The Secret Life of Walter Mitty

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Themes and Colors
Heroism and Masculinity Theme Icon
Illness and Mortality Theme Icon
Public Image and Embarrassment Theme Icon
The Overlap of Fantasy and Reality Theme Icon
Concealment Theme Icon
Humor Theme Icon
LitCharts assigns a color and icon to each theme in The Secret Life of Walter Mitty, which you can use to track the themes throughout the work.
Public Image and Embarrassment Theme Icon

Walter Mitty is very anxious about how others perceive him: for instance, he is so fearful of the young garagemen’s judgment that he plans to wear an unnecessary sling on his arm to avoid it, and he finds even the revolving doors of the hotel “faintly derisive.” Most other characters, from Mrs. Mitty to the traffic cop to the woman who laughs at him for saying “puppy biscuit” aloud on the street, interact with Mitty only to criticize him, and he is frequently startled and flustered when their comments interrupt his fantasies. In contrast, his fantasies tend to include crowds of onlookers who marvel at his skill and bravery—such as the crew members who trust that “The Old Man’ll get us through!” or the expert surgeons who look to him for help—and always present him as calm and collected in high-pressure situations. When his fantasy puts him on trial for his life, literalizing his sense of being judged by the parking garage attendant, Mitty undermines his own defense. Ironically, this repeats his real-life pattern of behavior (like forgetting to take his keys out of the car for the attendant), but it also shows his desire to be someone who does not fear public judgment.

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Public Image and Embarrassment Quotes in The Secret Life of Walter Mitty

Below you will find the important quotes in The Secret Life of Walter Mitty related to the theme of Public Image and Embarrassment.
The Secret Life of Walter Mitty Quotes

“I’ve read your book on streptothricosis,” said Pritchard-Mitford, shaking hands. “A brilliant performance, sir.” “Thank you,” said Walter Mitty. “Didn’t know you were in the States, Mitty,” grumbled Remington. “Coals to Newcastle, bringing Mitford and me up here for a tertiary.” “You are very kind,” said Mitty.

Related Characters: Walter Mitty (speaker), Dr. Remington (speaker), Dr. Pritchard-Mitford (speaker)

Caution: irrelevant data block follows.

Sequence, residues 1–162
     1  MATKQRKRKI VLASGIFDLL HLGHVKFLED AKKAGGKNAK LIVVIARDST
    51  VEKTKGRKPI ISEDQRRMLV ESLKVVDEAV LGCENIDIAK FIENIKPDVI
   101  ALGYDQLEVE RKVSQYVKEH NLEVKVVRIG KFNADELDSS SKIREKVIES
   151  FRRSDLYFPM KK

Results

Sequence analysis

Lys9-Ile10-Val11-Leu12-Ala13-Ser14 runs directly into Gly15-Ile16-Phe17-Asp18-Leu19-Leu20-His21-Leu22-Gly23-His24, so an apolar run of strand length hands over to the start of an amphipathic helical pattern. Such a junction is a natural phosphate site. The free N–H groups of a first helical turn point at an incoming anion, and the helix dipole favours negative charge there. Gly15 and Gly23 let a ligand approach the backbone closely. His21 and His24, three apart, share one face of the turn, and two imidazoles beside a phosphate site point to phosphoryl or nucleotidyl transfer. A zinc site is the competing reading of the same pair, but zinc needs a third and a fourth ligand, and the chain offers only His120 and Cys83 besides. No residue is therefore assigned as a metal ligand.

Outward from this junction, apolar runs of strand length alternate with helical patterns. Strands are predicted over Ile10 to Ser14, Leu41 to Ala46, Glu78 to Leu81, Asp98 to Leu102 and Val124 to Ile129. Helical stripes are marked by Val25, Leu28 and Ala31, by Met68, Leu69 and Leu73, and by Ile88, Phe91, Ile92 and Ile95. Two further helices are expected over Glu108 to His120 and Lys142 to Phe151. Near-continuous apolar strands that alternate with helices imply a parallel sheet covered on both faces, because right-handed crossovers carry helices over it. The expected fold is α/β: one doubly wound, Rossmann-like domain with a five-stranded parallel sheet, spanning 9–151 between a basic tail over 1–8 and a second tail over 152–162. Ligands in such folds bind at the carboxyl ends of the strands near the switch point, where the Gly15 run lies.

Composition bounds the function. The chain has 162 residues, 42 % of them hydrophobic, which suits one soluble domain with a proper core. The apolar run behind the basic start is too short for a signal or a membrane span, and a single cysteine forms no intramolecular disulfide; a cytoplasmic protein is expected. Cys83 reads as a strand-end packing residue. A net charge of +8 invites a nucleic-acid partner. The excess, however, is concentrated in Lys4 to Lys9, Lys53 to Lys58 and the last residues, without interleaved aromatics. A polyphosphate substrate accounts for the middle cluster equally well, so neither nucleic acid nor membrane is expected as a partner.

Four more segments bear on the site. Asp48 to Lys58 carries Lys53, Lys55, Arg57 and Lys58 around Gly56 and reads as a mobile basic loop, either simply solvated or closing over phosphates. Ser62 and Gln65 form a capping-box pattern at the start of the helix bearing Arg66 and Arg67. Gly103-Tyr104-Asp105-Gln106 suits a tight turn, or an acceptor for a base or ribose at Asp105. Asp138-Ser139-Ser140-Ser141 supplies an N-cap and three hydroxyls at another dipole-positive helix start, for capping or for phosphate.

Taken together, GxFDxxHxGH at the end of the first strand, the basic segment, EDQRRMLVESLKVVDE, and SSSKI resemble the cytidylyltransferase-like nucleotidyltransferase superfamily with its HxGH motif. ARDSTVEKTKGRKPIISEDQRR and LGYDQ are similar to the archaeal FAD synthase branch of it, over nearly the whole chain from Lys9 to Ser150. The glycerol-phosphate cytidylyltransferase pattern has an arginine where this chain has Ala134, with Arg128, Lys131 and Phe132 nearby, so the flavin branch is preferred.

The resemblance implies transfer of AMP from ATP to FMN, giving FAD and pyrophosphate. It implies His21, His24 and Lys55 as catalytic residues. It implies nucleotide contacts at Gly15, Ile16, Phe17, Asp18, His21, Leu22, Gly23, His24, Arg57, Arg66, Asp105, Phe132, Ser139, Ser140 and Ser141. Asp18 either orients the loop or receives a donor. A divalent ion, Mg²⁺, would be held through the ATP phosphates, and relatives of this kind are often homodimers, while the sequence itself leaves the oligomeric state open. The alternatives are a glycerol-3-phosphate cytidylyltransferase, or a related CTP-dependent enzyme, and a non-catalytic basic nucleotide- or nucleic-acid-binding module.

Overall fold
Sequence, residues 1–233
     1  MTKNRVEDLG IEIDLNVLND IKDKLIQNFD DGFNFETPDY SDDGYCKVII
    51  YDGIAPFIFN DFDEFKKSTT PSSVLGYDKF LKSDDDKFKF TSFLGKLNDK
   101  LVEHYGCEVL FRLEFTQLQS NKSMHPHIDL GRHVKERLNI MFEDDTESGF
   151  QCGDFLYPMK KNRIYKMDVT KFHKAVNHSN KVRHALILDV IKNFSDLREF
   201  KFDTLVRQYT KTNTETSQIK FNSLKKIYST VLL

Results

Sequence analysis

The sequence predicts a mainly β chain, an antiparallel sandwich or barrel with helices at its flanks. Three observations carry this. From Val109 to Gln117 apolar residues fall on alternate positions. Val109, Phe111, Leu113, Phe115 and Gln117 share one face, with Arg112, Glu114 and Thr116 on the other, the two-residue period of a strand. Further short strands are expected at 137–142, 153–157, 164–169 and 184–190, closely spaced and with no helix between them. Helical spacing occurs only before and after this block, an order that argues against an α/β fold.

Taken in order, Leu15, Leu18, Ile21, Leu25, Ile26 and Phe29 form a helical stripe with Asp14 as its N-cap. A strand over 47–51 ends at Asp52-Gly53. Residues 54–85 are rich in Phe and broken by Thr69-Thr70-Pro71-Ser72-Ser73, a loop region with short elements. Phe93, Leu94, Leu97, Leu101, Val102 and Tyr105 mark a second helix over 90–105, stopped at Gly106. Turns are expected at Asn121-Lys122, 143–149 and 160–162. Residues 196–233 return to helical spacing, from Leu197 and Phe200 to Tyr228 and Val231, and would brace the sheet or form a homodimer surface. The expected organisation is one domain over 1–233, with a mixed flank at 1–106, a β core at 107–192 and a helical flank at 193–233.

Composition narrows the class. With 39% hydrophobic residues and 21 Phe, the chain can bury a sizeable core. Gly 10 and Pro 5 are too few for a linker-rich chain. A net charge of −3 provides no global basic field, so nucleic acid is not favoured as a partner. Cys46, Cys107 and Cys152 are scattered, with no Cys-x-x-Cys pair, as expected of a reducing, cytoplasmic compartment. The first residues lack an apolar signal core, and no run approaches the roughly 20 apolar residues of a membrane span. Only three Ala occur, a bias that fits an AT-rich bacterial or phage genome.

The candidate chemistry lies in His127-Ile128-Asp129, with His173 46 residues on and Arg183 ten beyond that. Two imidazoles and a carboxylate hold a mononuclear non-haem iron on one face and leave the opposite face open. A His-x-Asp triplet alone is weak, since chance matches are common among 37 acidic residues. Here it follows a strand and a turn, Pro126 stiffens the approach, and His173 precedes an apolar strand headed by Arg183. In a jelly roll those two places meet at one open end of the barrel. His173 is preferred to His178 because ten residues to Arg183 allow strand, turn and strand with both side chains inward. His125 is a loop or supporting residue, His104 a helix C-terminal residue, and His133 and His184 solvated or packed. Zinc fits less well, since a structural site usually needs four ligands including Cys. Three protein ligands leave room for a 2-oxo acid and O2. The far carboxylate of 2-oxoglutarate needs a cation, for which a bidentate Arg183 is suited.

Page Number: 56
Explanation and Analysis:

Walter Mitty's fantasy continues. He's stationed in the hospital, presiding over the medical procedures there. Mitty is a highly respected doctor in this fantasy, as evidenced by the way his colleagues, Remington and Pritchard-Mitford treat him.

The passage emphasizes Walter's lack of a strong male community: the fact that Walter fantasizes about getting approval from impressive male friends makes us pretty sure that he doesn't have many friends like this in real life. Furthermore, the passage humorously reinforces Walter's cluelessness about actual medical practices: the passage is full of nonsense phrases that sound like a layman's attempts to make sense of medical mumbo-jumbo.


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The attendant vaulted into the car, backed it up with insolent skill, and put it where it belonged.

Related Characters: Parking-Lot Attendant and Grinning Garagemen
Related Symbols: Car
Page Number: 57
Explanation and Analysis:

Mitty has again been thrust back into reality. While he's been fantasizing about his own skill with nonsensical medical machines, Walter has bungled his parking job. A young attendant (not much older than a teenager) has to take Walter's place and drive Walter's car into the correct parking space. Thurber describes the attendant as driving with "insolent skill," emphasizing Walter's humiliation: Walter's been dreaming about operating complicated machines, but clearly doesn't even know how to handle a fairly basic one, his car.

The passage subtly emphasizes the divide between Walter and other men. Cars are a classic American symbol of masculinity: to be a good driver or able to work with cars is to be cool, courageous, rugged, and generally a paragon of male virtue. Walter's age and clumsiness make him bad at driving and, implicitly, a lesser man--unlike the confident, "insolent" attendant described here.

The next time, he thought, I’ll wear my right arm in a sling; they won’t grin at me then. I’ll have my right arm in a sling and they’ll see I couldn’t possibly take the chains off myself.

Related Characters: Walter Mitty (speaker), Parking-Lot Attendant and Grinning Garagemen
Related Symbols: Car, Gloves, Overshoes, Sling, and Handkerchief
Page Number: 57
Explanation and Analysis:

Walter Mitty has a hard time with cars. He's tried to remove the chains from his tires before, and bungled the job--as a result, Mrs. Mitty forces him to go to the garage whenever he wants to remove the chains. Mitty resents having to rely on other people to take care of his car, as he knows that being able to take care of one's car is a sign of power and masculinity -- and the garage workers seem to know it to, as they "grin" at him when he takes his car in.

But because Walter knows he can never prove himself to other men through skill or confidence, he tries another tactic. Instead of trying to elicit wonder from other people, he tries to elicit sympathy by placing his arm in a sling. Notice, though, that Walter doesn't actually place his arm in the sling: even here, he relies on fantasy and imagination to solve his problems.

In a way he hated these weekly trips to town—he was always getting something wrong. Kleenex, he thought, Squibb’s, razor blades? No. Toothpaste, toothbrush, bicarbonate, carborundum, initiative and referendum? He gave it up. But she would remember it. “Where’s the what’s-its-name?” she would ask. “Don’t tell me you forgot the what’s its name.”